As things progressed from the start, we'd identify new bands and then work out who their influences were meaning that we'd start listening to (and buying) music from the 70's like Led Zepplin, The Doors (which was another massively popular music movie), Black Sabbath, Jimi Hendrix et al. Some, like Aerosmith, released their best work (Pump) at that time. As we took up instruments we'd start investigating all the great musicians, especially those featuring guitarists like B.B.King, Hendrix, Eddie Van Halen and Les Paul.
Quite simply, everyone I knew got into music. People were discovering new bands left right and center and we were swapping albums at school. It's hard to believe now but MTV was awesome back then. Its rock shows and "alternative" shows were breaking bands left right and centre. Several bands formed at school. We played gigs. We met other bands from other schools at the gigs and found that pretty much the whole country was into music and going to concerts - especially small local ones. (Here's my old band, if anyone's interested. I'm still adamant that Thermal Heaven (demo) would work well at Wembley.)
Remember when millions of Americans were in thrall to the ways of the wasp elite? For 37 weeks in 1981, The Official Preppy Handbook topped the New York Times best-seller list, plying semi-satirical advice to readers eager to crack (or mock) the code of the madras-and-penny-loafer-clad Establishment. I was a malcontent in one of Louisville’s stodgiest private schools for girls. Within a matter of months in 1982, I discarded my add-a-bead necklace and Bermuda bag (kelly green, embroidered with butter-yellow whales) and adopted sterner stuff: lace-up black combat boots; short, dyed black (or blue) hair; one of those black-leather-and-metal-spike bracelets; and band T‑shirts atop black jeans. “A sheep in wolf’s clothing,” a friend at the time correctly observed. I can guarantee you that I knew every other Louisville female under the age of 70 who dressed all in black, so instantly did such clothing mark you out in my city in the early ’80s.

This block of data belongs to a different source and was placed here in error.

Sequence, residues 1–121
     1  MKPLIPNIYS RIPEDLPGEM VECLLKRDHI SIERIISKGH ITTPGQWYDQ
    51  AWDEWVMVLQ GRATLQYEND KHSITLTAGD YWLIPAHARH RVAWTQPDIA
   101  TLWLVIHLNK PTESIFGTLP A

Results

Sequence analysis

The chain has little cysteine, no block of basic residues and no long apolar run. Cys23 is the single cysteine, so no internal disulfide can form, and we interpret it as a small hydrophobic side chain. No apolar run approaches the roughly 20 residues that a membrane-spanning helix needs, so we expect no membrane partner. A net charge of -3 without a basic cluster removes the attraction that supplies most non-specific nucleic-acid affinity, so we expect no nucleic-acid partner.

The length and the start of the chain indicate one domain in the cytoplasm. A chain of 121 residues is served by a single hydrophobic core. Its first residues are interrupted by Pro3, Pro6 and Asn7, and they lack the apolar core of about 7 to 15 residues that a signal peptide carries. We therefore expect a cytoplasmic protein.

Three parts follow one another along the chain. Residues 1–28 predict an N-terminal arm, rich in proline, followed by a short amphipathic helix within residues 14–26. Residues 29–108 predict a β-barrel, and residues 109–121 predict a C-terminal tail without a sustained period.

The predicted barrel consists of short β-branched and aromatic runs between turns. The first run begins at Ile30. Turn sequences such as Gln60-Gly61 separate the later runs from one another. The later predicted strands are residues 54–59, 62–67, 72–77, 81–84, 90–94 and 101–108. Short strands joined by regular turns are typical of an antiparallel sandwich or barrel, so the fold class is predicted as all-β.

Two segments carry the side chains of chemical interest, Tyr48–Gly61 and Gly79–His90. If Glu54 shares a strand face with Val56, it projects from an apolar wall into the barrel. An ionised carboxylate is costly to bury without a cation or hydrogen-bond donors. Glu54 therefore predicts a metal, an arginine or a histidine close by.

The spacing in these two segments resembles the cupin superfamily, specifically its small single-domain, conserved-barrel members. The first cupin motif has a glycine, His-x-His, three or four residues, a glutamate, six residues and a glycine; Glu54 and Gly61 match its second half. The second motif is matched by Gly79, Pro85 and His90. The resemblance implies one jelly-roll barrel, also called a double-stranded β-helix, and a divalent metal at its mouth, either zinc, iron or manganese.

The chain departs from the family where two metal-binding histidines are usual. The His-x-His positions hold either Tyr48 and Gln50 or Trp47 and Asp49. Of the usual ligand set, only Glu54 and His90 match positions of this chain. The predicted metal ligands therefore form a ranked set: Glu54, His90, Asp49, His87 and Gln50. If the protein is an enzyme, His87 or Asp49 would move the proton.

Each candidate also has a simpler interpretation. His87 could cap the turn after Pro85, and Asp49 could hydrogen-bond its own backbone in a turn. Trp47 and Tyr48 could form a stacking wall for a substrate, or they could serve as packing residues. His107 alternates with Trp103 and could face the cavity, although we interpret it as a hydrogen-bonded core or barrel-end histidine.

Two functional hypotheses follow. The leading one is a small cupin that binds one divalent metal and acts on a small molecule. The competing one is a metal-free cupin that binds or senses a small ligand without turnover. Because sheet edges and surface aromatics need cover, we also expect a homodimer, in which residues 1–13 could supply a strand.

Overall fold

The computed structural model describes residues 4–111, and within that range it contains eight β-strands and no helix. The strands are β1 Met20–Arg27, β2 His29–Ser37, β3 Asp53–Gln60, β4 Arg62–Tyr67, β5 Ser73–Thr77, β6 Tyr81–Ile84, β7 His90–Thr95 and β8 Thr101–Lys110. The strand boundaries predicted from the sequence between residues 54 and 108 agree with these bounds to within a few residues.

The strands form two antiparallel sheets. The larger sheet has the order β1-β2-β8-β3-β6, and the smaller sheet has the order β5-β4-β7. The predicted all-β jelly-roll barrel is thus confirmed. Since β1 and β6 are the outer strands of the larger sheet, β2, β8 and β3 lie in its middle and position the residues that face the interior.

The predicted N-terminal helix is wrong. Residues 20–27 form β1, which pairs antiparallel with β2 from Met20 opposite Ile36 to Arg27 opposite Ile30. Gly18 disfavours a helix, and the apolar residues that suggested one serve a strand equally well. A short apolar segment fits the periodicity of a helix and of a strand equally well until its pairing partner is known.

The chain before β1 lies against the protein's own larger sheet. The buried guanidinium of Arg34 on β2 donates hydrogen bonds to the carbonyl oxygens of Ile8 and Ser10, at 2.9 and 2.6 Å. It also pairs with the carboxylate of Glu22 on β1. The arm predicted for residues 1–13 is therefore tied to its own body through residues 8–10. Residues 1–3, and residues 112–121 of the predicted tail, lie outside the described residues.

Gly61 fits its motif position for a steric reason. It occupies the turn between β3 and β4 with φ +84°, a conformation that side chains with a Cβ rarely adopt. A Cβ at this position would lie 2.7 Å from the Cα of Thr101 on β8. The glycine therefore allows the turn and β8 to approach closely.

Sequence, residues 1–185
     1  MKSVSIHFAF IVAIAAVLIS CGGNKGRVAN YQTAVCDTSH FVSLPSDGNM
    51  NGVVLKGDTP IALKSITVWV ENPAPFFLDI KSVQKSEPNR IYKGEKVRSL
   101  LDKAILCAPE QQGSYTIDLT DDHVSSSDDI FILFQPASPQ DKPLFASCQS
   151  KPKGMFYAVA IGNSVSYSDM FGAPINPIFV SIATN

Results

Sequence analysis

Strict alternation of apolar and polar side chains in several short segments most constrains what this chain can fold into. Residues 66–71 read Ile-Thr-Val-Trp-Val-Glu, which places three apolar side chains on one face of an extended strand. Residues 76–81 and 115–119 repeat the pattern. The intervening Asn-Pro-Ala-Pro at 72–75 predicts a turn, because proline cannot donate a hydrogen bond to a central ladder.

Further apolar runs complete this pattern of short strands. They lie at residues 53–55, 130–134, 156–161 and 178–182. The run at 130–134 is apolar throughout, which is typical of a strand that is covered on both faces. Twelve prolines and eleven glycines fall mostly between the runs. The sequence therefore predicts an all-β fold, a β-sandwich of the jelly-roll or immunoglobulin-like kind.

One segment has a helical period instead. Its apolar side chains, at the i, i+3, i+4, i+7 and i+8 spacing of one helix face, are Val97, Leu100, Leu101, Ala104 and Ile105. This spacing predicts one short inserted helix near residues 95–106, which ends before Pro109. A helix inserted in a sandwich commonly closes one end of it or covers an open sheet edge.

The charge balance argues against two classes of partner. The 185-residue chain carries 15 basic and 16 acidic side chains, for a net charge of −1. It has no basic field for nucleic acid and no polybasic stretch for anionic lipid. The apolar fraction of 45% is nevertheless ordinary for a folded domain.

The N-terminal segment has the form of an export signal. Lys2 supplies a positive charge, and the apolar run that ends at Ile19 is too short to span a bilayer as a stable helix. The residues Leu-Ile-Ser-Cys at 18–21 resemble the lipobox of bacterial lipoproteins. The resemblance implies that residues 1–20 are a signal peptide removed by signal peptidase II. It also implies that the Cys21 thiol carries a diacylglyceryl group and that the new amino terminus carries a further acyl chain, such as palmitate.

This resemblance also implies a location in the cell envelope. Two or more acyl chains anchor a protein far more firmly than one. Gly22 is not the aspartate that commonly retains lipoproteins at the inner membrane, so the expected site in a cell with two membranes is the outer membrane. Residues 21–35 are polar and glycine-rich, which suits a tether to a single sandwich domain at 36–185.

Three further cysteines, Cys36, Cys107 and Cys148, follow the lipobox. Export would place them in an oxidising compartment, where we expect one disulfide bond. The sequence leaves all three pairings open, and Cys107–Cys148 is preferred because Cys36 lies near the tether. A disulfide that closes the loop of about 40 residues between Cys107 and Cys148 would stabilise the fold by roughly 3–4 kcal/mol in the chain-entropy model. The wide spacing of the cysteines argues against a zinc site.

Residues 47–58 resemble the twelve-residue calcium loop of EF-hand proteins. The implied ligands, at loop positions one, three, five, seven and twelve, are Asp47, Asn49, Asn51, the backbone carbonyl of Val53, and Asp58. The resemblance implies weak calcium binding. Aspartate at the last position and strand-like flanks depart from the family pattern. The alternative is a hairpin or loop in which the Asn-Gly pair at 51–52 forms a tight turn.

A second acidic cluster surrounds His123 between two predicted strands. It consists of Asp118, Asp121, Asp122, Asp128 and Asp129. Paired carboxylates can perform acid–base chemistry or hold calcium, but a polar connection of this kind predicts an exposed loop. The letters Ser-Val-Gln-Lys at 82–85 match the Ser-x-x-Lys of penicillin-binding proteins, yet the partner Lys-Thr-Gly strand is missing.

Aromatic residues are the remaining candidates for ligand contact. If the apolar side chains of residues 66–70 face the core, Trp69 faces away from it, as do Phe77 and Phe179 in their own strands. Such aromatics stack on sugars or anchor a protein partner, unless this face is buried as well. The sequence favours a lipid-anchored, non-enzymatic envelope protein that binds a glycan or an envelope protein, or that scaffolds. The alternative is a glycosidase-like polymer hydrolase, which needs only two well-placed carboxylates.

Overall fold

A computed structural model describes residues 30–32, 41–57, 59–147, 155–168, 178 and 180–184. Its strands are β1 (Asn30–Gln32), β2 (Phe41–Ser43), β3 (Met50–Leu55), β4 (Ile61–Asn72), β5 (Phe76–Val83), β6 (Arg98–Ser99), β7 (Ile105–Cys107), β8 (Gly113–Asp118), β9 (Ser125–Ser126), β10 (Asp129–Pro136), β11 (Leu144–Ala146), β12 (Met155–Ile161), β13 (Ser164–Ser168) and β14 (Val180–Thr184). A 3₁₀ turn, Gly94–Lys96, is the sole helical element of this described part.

This article totally misses the central issue: indie bands are mostly white because indie is white music.
I remember years ago finding myself in a goth club in Birmingham (most ethnically diverse city in Britain? Aside from London anyway, which is its own country) and being struck by the fact that, bar staff aside, there was but one non-white person in the whole club
Originating in the early 2000’s with bands like Passion Pit and CVRCHES, Indietronica is a mixture of pop and electronic music that brings an amped beat to any party. These songs are perfect singing-in-the-shower tunes and getting together with friends to have a gooooooood time.
Seperated from mainstream Hip-Hop, this type of Indie music is made up of independent artists in Hip-Hop. Artists in the genre include Eminem, Dr. Dre, and Kid Cudi. This music is great for parties and trying to get into the mood to have a great time.
Everywhere, the line between fan and performer was paper-thin. The approach was anarchic and participatory: the idea (at least theoretically) was that anyone could get a band together, learn to play, and maybe even press a record and take the show on the road. At the same time, indie music was a judgmental world of cognoscenti, of teenage boys disputing Talmudically about guitar tunings and feedback. Hole-in-the-wall venues, alternative record stores, ragtag independent record labels, and copy shops incubated a subculture where outsiders became insiders and found one another. Flyers on telephone poles were its smoke signals, xeroxed fanzines were its telegraph wires, bringing news from far-flung scenes. Before the breakthrough success in 1991 of Nirvana—whose album Nevermind topped the Billboard charts and eventually sold more than 30 million copies worldwide—raw and abrasive rock, by definition, meant tastes and sounds that could never become popular.